When I wrote up my impressions of the Diamondstar after my first few flights, I didn’t dwell on the three drawbacks that I noticed even after my first test flight in the plane:
1. The canopy offers incredible views, but that means that you get warmed by the sun. A lot.
2. The seats, which are engineered to help you withstand a 27g crash, do not move. That position you are in when you sit down? You’ll be in that position for the duration of the flight.
3. The controls for the airplane are the rudder pedal and the control stick. That comes up through a hole in the seat, right between your knees. It makes you feel like a fighter pilot, but it might not be that nice for the passenger in the right seat.
I have now moved to a new plane [link: New Purpose], but those three disadvantages remain. And I have a few other minor ones that I have added to the list. Part of the time with the plane is nudging forward (toward perfection), looking for solutions to each of these issues. Continue reading
Please stop flying below mandatory FAA regulations over Venice. Actually, stop flying over Venice period.
That was a comment posted on one of the pages of the blog. I don’t approve comments if they are from an anonymous account, I think that’s a bad policy for a web presence unless there’s some sort of physical danger to the poster revealing their identity (whistleblowers, people under oppressive regimes). I wrote to the email given (email addresses do not need capitalization) and it bounced back. So it’s someone spoofing an identity. They misspelled “principal,” which flatters all sorts of prejudices about the Los Angeles Unified School District (which does not actually seem to use the identified domain).
So, basically, we have a drive-by authored by a coward. That’s an excellent time for a civics lesson. Continue reading
(Many thanks to Demetri Martin for the hours of laughs as we buzzed through the sky. Dexter found Demetri on YouTube, then downloaded his comedy albums and would often be laughing hysterically in the back seat as I was preparing for an instrument approach. Demetri has a bit about batteries and how D batteries must be difficult for foreigners to ask for.)
There are small upgrades like the little circuit breaker collar to call out the autopilot circuit, large upgrades like the new autopilot, and the medium upgrades, like LEMO. Continue reading
Oh, that’s sort of sad for Otto. So trustworthy (except when he’s not). In my head, the KAP 140 in the new plane is the same pilot as the one that was in the old plane. The operation and display are identical, and I talked to Otto the same way when I am flying solo: “Time to climb, Otto,” “Let’s get you ready to follow that approach, Otto,” and near the end of each flight, “Otto, it’s my turn to fly.” Continue reading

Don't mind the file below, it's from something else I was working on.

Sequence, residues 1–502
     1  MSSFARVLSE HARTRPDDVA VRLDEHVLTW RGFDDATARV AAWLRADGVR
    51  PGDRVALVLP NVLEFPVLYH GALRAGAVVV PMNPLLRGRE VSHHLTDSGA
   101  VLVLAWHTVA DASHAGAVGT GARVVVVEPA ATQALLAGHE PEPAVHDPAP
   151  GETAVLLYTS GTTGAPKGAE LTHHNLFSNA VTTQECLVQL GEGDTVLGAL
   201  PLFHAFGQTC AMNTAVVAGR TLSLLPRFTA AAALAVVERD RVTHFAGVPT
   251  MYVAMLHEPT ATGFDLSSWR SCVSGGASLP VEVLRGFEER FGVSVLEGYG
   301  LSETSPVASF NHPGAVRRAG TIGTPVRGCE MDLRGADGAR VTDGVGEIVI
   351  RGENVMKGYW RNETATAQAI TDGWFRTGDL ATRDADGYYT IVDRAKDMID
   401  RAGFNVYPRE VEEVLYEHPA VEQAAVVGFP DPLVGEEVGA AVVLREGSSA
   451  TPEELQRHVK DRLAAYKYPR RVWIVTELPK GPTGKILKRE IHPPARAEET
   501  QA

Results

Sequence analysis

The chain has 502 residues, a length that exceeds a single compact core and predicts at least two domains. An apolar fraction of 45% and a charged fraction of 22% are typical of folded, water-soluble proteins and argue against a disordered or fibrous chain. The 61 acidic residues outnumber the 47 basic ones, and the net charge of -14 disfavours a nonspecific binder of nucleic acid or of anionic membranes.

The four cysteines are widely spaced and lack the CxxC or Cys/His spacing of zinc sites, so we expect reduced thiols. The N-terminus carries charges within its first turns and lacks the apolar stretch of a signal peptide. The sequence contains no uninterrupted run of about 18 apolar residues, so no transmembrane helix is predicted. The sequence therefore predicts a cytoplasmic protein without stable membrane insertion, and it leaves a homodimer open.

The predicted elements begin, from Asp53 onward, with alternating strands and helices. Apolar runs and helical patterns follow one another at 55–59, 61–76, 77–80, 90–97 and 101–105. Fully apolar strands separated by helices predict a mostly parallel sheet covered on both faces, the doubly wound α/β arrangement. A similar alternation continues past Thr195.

I appear to have lost the “blog roll” portion of my sidebar. I’ll have to fix that eventually. But one of the blogs over there is Photographic Logbook, which always seems clever to me because you want to snap some photographs anyway, your logbook does not include enough description and the pictures are worth thousands of words, and getting an entry up should be a little less work.
Departing Mid-Continent Airport
I occasionally peruse the online community of Reddit. I’m not an active member and I don’t even change the sub-reddits which are shown when I login. One of the sections I read regularly is called Today I Learned, or TIL for short. It is a good reminder for me that there is a depth to human knowledge that I will never plumb, that there are random facts, stories and histories out there which we aren’t taught in general but are important and interesting when you read about them. So “Today I Learned” is now something I think about on occasion. Continue reading
The first crossing in the new plane seemed important to document. I failed on a few fronts (as soon as I announced I was on the east coast my brother asked how many gallons of fuel I burned; I realized I had neglected to log that), but I’ll try to make up for it on the return flight.
I started on Monday morning in Friday Harbor and took off a little before 7:30am. As described in my previous post, I needed a repair at Boeing Field and had a weather diversion. But, if we pretend that wasn’t necessary, that I had everything working perfectly and was able to skip out of the Seattle area ahead of the weather, I believe I would have been in Great Falls at about 10:30am, perfect for a nap and an early lunch.